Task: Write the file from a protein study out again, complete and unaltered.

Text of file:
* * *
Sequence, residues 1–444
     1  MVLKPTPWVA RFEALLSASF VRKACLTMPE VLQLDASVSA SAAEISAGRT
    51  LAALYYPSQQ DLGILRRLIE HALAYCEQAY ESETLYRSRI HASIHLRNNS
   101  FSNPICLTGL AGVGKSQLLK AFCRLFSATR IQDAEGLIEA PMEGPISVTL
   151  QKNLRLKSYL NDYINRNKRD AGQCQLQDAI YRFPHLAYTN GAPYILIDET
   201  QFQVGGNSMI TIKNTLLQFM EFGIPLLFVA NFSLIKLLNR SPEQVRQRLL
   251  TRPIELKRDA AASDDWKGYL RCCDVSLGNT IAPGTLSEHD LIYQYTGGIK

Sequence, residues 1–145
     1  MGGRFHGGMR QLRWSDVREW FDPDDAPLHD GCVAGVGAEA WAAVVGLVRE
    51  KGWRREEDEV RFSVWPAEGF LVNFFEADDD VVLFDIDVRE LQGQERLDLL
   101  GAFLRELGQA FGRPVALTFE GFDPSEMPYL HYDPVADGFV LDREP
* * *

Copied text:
Sequence, residues 1–444
     1  MVLKPTPWVA RFEALLSASF VRKACLTMPE VLQLDASVSA SAAEISAGRT
    51  LAALYYPSQQ DLGILRRLIE HALAYCEQAY ESETLYRSRI HASIHLRNNS
   101  FSNPICLTGL AGVGKSQLLK AFCRLFSATR IQDAEGLIEA PMEGPISVTL
   151  QKNLRLKSYL NDYINRNKRD AGQCQLQDAI YRFPHLAYTN GAPYILIDET
   201  QFQVGGNSMI TIKNTLLQFM EFGIPLLFVA NFSLIKLLNR SPEQVRQRLL
   251  TRPIELKRDA AASDDWKGYL RCCDVSLGNT IAPGTLSEHD LIYQYTGGIK

Sequence, residues 1–145
     1  MGGRFHGGMR QLRWSDVREW FDPDDAPLHD GCVAGVGAEA WAAVVGLVRE
    51  KGWRREEDEV RFSVWPAEGF LVNFFEADDD VVLFDIDVRE LQGQERLDLL
   101  GAFLRELGQA FGRPVALTFE GFDPSEMPYL HYDPVADGFV LDREP